# American Institute of Mathematical Sciences

November  2020, 3(4): 263-277. doi: 10.3934/mfc.2020010

## Modeling interactive components by coordinate kernel polynomial models

 1 Department of Applied Mathematics, The Hong Kong Polytechnic University, Hong Kong, China 2 Division of Biostatistics, University of California, Berkeley, Berkeley, CA 94720, USA 3 Department of Mathematical Sciences, Middle Tennessee State University, Murfreesboro, TN 37132, USA

* Corresponding author: Xin Guo

Received  October 2019 Published  June 2020

Fund Project: The work described in this paper is partially supported by FRCAC of Middle Tennessee State University, and is partially supported by a grant from the Research Grants Council of the Hong Kong Special Administrative Region, China (Project No. PolyU 25301115). All the three authors contributed equally to the paper

We proposed the use of coordinate kernel polynomials in kernel regression. This new approach, called coordinate kernel polynomial regression, can simultaneously identify active variables and effective interactive components. Reparametrization refinement is found critical to improve the modeling accuracy and prediction power. The post-training component selection allows one to identify effective interactive components. Generalization error bounds are used to explain the effectiveness of the algorithm from a learning theory perspective and simulation studies are used to show its empirical effectiveness.

Citation: Xin Guo, Lexin Li, Qiang Wu. Modeling interactive components by coordinate kernel polynomial models. Mathematical Foundations of Computing, 2020, 3 (4) : 263-277. doi: 10.3934/mfc.2020010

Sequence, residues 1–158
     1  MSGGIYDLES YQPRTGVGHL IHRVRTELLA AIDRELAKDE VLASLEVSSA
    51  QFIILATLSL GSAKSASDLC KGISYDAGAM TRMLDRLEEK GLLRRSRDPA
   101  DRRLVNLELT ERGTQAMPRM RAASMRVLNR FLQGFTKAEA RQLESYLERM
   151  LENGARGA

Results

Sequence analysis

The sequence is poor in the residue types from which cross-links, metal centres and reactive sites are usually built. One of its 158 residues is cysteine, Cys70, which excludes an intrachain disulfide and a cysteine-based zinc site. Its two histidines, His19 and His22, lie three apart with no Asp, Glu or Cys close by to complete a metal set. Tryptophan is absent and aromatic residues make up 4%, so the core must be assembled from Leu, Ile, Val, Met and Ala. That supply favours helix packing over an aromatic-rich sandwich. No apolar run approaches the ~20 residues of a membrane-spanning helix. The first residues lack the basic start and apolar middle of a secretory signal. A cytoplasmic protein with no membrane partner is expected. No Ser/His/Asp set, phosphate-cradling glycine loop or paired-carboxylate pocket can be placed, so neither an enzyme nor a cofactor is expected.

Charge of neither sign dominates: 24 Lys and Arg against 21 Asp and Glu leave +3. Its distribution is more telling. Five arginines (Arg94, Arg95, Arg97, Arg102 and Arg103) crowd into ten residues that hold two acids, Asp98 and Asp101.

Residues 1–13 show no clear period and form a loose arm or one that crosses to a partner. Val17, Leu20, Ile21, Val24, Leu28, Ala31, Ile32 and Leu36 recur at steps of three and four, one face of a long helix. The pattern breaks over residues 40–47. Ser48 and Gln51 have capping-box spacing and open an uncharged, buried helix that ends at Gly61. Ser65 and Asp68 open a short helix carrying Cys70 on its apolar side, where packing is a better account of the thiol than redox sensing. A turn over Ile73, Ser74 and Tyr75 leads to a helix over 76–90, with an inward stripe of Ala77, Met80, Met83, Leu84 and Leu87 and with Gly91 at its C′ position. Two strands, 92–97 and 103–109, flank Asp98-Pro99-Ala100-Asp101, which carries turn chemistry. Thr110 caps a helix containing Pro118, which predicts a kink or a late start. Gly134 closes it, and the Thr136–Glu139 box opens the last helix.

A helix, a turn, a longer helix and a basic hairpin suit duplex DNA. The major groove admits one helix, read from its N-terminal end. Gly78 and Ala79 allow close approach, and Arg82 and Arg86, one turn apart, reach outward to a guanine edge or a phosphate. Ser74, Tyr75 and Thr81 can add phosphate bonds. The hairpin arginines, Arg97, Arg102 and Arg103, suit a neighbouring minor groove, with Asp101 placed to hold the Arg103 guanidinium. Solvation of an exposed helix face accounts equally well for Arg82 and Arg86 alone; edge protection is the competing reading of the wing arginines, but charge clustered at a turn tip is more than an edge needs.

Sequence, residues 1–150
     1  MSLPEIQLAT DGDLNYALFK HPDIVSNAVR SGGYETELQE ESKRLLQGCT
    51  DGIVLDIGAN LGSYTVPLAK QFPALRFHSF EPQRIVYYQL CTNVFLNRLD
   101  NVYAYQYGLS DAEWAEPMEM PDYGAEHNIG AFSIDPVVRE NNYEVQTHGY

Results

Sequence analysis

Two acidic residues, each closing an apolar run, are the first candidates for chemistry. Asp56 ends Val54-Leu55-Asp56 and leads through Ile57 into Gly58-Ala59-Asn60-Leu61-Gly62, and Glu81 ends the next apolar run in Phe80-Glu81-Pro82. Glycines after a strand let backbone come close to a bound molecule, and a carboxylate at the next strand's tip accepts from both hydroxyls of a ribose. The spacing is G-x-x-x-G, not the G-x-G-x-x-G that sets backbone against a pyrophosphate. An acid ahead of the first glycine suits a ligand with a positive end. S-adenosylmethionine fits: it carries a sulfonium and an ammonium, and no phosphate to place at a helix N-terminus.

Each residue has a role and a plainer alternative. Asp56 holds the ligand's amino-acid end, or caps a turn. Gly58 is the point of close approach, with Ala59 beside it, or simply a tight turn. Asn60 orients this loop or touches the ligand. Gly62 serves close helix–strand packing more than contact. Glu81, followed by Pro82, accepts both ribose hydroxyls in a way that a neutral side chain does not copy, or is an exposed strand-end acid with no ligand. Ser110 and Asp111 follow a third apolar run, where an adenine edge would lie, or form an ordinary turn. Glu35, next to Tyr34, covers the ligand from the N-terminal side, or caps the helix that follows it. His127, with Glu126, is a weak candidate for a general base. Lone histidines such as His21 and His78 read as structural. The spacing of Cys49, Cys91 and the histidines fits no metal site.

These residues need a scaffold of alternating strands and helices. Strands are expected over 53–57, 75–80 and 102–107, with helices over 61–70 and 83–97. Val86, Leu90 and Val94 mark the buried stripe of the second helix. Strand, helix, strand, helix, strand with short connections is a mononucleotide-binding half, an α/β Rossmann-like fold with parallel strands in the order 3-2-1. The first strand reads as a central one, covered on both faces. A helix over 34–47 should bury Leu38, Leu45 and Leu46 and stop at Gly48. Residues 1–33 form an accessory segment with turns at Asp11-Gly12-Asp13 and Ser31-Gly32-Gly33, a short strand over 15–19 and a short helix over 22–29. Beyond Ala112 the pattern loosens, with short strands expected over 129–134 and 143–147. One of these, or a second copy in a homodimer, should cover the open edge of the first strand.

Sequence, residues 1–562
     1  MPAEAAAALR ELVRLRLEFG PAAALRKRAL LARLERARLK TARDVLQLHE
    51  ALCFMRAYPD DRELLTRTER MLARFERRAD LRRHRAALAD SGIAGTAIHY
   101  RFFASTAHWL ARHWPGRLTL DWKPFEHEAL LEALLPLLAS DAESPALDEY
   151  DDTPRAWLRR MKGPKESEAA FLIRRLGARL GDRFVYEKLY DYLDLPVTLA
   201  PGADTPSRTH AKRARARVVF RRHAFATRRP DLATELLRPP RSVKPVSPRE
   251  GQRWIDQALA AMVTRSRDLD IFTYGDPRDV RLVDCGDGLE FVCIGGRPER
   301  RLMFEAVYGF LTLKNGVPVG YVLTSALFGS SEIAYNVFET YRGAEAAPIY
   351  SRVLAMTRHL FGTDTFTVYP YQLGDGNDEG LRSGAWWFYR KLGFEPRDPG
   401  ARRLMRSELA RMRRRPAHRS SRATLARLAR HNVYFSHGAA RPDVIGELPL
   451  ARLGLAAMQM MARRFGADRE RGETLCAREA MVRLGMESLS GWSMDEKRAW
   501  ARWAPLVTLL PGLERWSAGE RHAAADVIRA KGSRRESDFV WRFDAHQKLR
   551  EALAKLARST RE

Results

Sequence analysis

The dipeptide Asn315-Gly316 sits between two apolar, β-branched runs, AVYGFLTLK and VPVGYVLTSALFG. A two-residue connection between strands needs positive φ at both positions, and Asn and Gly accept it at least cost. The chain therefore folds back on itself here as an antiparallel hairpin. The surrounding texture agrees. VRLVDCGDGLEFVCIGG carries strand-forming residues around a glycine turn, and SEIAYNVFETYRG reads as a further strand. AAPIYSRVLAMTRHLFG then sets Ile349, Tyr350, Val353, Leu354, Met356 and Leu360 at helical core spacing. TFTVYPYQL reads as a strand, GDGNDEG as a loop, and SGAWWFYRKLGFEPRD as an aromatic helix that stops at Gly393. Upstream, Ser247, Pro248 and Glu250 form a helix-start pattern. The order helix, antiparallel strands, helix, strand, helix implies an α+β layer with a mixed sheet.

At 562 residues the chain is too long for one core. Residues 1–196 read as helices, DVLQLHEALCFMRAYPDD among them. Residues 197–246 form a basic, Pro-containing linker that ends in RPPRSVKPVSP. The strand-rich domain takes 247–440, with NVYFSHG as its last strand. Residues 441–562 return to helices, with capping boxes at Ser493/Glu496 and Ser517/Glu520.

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Variable selection accuracy and average MSE for Example 1
 Algorithm TPR($x_1$) TPR($x_2$) FPR MSE CKPR-L 1.00 1.00 0.000 0.008 (0.000) CKPR-G 1.00 1.00 0.011 0.109 (0.015) LASSO 1.00 0.18 0.040 1.129 (0.015) COSSO 0.90 0.02 0.020 10.879 (8.345) SR-SIR (AIC) 1.00 0.89 0.460 - SR-SIR (BIC) 1.00 0.85 0.181 - SR-SIR (RIC) 1.00 0.75 0.053 -
 Algorithm TPR($x_1$) TPR($x_2$) FPR MSE CKPR-L 1.00 1.00 0.000 0.008 (0.000) CKPR-G 1.00 1.00 0.011 0.109 (0.015) LASSO 1.00 0.18 0.040 1.129 (0.015) COSSO 0.90 0.02 0.020 10.879 (8.345) SR-SIR (AIC) 1.00 0.89 0.460 - SR-SIR (BIC) 1.00 0.85 0.181 - SR-SIR (RIC) 1.00 0.75 0.053 -
Average and standard error of MSEs for Example 2
 $m=100$ $m=200$ $m=400$ CKPR-G 0.119 (0.003) 0.054 (0.001) 0.025 (0.0004) COSSO(GCV) 0.358 (0.009) 0.100 (0.003) 0.045 (0.001) COSSO(5CV) 0.378 (0.005) 0.094 (0.004) 0.043 (0.001) MARS 0.239 (0.008) 0.109 (0.003) 0.084 (0.001)
 $m=100$ $m=200$ $m=400$ CKPR-G 0.119 (0.003) 0.054 (0.001) 0.025 (0.0004) COSSO(GCV) 0.358 (0.009) 0.100 (0.003) 0.045 (0.001) COSSO(5CV) 0.378 (0.005) 0.094 (0.004) 0.043 (0.001) MARS 0.239 (0.008) 0.109 (0.003) 0.084 (0.001)
RMSE on three UCI data sets
 Ionosphere Sonar MR Wisc. BC $n$ 351 208 683 $p$ 33 60 9 CKPR-L $0.64 (0.04)$ $0.75 (0.06)$ $0.34 (0.02)$ CKPR-G $0.54 (0.03)$ $0.77 (0.06)$ $0.34 (0.02)$ Best in [5] $0.60 (0.05)$ $0.80 (0.04)$ $0.70 (0.01)$
 Ionosphere Sonar MR Wisc. BC $n$ 351 208 683 $p$ 33 60 9 CKPR-L $0.64 (0.04)$ $0.75 (0.06)$ $0.34 (0.02)$ CKPR-G $0.54 (0.03)$ $0.77 (0.06)$ $0.34 (0.02)$ Best in [5] $0.60 (0.05)$ $0.80 (0.04)$ $0.70 (0.01)$
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